Vice President Cheney convened a meeting in the Situation Room at 3 p.m. on Wednesday, March 10, 2004, with just one day left before the warrantless domestic surveillance program was set to expire. Around him were National Security Agency Director Michael V. Hayden, White House counsel Alberto R. Gonzales and the Gang of Eight -- the four ranking members of the House and the Senate, and the chairmen and vice chairmen of the intelligence committees.
Even now, three months into a legal rebellion at the Justice Department, President Bush was nowhere in the picture. He was stumping in the battleground state of Ohio, talking up the economy.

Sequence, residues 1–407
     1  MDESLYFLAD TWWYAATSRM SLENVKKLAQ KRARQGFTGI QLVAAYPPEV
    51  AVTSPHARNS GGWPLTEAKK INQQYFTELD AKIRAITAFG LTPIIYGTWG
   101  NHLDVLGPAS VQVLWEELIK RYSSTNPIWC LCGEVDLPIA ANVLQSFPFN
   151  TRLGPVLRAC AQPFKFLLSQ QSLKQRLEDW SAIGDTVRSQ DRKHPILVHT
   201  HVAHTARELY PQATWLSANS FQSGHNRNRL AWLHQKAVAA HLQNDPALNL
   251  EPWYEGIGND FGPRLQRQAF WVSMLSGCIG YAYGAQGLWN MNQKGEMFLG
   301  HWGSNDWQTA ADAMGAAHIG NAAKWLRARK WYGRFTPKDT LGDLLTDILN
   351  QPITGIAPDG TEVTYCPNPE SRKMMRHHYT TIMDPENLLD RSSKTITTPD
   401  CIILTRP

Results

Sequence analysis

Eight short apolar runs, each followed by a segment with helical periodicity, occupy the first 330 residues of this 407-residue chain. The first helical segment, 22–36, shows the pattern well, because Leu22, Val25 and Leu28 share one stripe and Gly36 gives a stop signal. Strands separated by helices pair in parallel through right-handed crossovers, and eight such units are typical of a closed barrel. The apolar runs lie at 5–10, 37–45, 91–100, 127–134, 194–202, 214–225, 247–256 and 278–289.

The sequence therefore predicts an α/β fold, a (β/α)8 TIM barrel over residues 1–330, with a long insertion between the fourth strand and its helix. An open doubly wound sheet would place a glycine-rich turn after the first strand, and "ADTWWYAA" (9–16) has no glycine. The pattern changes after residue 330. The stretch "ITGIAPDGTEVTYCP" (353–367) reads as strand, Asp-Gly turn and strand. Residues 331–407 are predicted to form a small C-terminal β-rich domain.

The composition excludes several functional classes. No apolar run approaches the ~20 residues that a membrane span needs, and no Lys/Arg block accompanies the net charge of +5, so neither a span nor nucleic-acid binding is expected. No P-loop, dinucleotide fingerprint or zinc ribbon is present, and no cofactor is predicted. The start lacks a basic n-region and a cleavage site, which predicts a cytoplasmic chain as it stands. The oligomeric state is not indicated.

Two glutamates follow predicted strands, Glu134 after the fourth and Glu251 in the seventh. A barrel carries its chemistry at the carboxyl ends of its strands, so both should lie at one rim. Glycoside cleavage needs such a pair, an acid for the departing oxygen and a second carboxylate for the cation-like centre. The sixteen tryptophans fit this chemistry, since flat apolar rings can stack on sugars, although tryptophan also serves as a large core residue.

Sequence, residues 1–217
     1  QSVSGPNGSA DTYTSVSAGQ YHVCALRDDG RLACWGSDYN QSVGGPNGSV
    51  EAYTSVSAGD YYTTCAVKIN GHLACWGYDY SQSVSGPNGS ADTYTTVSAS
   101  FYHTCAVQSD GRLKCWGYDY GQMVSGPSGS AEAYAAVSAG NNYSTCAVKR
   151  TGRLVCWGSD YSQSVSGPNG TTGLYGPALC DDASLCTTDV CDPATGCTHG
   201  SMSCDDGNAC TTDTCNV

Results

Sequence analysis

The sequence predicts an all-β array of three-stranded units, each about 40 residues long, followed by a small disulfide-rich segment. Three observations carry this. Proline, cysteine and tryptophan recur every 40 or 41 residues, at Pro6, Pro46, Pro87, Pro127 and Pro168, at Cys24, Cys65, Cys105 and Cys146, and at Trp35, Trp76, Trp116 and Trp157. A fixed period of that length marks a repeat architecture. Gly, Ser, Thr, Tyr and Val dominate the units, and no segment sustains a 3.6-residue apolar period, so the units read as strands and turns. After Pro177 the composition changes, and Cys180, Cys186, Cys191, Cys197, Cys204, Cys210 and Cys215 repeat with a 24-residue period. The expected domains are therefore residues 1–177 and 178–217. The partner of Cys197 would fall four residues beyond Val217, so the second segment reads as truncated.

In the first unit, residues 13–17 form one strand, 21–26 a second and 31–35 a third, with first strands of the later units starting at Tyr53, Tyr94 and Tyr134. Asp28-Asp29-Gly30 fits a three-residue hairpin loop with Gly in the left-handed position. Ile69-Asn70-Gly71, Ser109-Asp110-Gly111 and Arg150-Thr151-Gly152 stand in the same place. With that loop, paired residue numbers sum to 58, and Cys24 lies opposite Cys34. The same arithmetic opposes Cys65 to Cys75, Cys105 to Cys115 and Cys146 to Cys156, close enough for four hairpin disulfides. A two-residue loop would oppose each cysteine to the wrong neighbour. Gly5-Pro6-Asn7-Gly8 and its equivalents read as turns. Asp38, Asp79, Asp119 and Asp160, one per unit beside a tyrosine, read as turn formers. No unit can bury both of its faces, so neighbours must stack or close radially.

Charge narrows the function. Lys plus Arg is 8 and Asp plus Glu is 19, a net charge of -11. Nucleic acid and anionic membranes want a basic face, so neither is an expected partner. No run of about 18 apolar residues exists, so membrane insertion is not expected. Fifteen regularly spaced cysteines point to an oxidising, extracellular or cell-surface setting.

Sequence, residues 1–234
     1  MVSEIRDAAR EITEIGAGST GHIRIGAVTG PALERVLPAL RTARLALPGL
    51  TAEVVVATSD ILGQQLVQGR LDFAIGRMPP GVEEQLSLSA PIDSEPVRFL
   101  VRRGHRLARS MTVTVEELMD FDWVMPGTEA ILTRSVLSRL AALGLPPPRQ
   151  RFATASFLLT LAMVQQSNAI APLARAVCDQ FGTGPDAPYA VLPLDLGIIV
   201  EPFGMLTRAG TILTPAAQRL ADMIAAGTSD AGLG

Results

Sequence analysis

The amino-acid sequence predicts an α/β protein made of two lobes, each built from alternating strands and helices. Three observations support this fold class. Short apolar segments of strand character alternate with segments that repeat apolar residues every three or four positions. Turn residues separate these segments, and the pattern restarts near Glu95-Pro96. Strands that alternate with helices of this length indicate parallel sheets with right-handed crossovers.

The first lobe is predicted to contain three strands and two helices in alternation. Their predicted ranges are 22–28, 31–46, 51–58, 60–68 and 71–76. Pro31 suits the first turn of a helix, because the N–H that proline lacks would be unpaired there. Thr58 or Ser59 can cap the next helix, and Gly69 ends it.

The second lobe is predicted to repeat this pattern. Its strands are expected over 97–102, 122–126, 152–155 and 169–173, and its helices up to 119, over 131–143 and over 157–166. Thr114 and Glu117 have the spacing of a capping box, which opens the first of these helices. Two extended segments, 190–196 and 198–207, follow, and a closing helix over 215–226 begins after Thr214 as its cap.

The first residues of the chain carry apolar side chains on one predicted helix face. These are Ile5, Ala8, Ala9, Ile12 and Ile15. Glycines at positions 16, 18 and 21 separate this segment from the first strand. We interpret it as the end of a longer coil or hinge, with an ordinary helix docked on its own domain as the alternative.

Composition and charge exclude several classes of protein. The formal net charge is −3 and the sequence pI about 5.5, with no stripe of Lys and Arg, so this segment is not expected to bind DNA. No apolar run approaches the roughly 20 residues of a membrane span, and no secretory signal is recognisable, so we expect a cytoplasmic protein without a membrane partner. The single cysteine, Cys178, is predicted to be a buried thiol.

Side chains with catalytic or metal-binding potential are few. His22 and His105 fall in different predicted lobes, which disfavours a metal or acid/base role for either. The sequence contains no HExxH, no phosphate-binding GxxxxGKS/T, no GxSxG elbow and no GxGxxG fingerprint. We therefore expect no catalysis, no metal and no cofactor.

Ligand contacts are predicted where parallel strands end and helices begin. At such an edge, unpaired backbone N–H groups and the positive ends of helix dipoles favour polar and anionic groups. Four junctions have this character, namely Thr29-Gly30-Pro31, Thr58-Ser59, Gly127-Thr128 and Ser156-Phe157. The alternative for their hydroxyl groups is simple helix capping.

With a nod from Cheney, Hayden walked through the program's vital mission. Gonzales said top lawyers at the NSA and Justice had green-lighted the program from the beginning. Now Attorney General John D. Ashcroft was in the hospital, and James B. Comey, Ashcroft's deputy, refused to certify that the surveillance was legal.
That was misleading at best. Cheney and Gonzales knew that Comey spoke for Ashcroft as well. They also knew, but chose not to mention, that Jack L. Goldsmith, chief of the Office of Legal Counsel at Justice, had been warning of major legal problems for months.